#Article (Archive)

A Tale of Two Gambians

Apr 1, 2008, 8:20 AM

Ordinarily, both Dr Momadou Tangara and Badou Jack are worlds apart: the former is a scholar while the latter is an athlete. Tangara has just been entrusted with the headship of NAOSU (National Authority System Unit), the body that oversees all European Commission-funded programmes and projects in the Gambia. By contrast, Badou Jack is a boxer who has just made history as the first Gambian ever to win an Olympic boxing qualification. But they have two things in common nonetheless. One, they are both Gambians. Two, they are high achievers who have through their outstanding accomplishments brought glory to the Gambia.

Tangara, 42, holds a doctorate degree in semiology from the University of Limoges, where he achieved the highest distinction. A polyglot, he speaks English, French and Spanish fluently. Having worked as programme officer and rapporteur of the European Commission at the Office of the Director General for Development, he is expected to be able to give a good account of himself in his new and challenging job.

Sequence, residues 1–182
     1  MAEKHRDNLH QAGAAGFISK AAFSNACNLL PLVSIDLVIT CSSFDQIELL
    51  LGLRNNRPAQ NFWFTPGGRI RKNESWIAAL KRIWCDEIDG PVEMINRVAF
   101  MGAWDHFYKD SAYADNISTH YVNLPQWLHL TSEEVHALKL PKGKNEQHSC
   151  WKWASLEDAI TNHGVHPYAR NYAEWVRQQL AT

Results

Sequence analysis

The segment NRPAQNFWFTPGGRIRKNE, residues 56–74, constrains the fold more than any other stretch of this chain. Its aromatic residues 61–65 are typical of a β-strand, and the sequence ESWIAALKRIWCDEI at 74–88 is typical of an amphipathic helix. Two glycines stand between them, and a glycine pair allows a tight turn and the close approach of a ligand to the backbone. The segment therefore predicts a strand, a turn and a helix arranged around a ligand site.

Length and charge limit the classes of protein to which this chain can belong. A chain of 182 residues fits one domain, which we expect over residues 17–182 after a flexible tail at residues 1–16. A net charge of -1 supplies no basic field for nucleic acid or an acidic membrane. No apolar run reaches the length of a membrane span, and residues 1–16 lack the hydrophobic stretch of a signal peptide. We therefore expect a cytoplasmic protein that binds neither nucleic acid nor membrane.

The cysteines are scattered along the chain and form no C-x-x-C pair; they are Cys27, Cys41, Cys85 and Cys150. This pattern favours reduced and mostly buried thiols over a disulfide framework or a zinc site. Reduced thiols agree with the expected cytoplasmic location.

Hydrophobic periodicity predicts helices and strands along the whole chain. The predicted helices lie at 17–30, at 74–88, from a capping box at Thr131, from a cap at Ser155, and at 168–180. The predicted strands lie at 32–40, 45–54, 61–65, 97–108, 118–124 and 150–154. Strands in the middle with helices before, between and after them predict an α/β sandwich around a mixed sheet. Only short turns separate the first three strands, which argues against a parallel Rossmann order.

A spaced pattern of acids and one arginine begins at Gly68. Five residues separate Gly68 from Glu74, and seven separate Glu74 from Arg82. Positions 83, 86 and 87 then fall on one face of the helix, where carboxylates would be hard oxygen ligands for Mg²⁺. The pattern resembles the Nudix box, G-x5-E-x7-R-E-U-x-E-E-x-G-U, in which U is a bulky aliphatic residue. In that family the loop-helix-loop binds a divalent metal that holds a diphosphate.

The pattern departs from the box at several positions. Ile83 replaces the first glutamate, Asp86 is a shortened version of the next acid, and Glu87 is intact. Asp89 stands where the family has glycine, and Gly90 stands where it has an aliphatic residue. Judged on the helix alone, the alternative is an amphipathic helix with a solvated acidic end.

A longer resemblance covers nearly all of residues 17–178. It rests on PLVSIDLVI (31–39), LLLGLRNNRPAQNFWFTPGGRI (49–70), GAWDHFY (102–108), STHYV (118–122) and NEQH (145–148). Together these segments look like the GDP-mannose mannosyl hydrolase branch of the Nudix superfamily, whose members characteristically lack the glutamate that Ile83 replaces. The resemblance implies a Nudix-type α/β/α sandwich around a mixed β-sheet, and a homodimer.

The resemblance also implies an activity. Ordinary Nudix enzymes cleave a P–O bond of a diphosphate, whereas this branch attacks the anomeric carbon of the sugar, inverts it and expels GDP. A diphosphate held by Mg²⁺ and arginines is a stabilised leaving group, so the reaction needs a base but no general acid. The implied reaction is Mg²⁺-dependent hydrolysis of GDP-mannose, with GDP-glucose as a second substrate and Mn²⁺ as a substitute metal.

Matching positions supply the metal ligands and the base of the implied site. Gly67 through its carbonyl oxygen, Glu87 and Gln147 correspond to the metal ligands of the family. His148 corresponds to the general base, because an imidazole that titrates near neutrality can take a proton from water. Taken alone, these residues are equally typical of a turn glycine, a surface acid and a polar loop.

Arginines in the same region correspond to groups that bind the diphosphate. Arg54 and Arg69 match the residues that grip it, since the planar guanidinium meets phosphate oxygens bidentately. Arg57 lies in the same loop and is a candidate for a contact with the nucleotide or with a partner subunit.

We would have him know that this is a job that demands utmost integrity because it "serves as a bridge between the Gambia and her largest donor - the EC". Besides, Tangara will have to show uncommon resourcefulness, diplomacy, adroitness and wits in order to do the right thing all the time in the best interest of the Gambia. We are proud of him and wish him the best of luck in his new challenge.

Unlike Tangara who is quite known to many of us, Badou Jack burst into the national consciousness by his exploits as a first-rate boxer not too long ago. Before his discovery, Badou Jack, born to a Gambian father and a Swedish mother, had represented Sweden in the World Championship in 2007. Under the influence of the Gambia Olympic Committee, Badou Jack agreed to "change his sporting allegiance to the Gambia". To clinch the Olympic qualification, the young pugilist got the better of the South African champion Masana Manganyi, knocked Nigeria's Danuuloko Ekele sideways and then made the DR Congo's Herry Saliku Biembe to bite the dust. We are certain that Badou Jack will bring greater glory to the Gambia this summer in Beijing.

These two most recent success stories should serve as an inspiration to young Gambians that there is always a room at the top for anybody who exerts themselves - it is discipline, determination and diligence that count.

"The louder he talked of his honour, the faster we counted our spoons".[if supportFields]>tc "" The louder he talked of his honour, the faster we countd our spoons"."

Ralph Waldo Emerson